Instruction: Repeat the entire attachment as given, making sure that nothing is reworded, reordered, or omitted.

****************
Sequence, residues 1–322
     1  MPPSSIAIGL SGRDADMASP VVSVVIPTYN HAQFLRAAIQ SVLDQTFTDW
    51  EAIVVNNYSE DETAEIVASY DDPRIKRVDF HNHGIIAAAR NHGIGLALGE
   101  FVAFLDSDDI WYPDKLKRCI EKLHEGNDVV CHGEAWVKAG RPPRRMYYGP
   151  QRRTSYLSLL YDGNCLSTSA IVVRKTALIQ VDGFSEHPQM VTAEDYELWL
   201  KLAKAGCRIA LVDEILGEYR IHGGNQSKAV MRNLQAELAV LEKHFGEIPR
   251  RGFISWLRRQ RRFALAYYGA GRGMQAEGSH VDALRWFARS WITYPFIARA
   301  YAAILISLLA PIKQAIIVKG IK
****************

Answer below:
Sequence, residues 1–322
     1  MPPSSIAIGL SGRDADMASP VVSVVIPTYN HAQFLRAAIQ SVLDQTFTDW
    51  EAIVVNNYSE DETAEIVASY DDPRIKRVDF HNHGIIAAAR NHGIGLALGE
   101  FVAFLDSDDI WYPDKLKRCI EKLHEGNDVV CHGEAWVKAG RPPRRMYYGP
   151  QRRTSYLSLL YDGNCLSTSA IVVRKTALIQ VDGFSEHPQM VTAEDYELWL
   201  KLAKAGCRIA LVDEILGEYR IHGGNQSKAV MRNLQAELAV LEKHFGEIPR
   251  RGFISWLRRQ RRFALAYYGA GRGMQAEGSH VDALRWFARS WITYPFIARA
   301  YAAILISLLA PIKQAIIVKG IK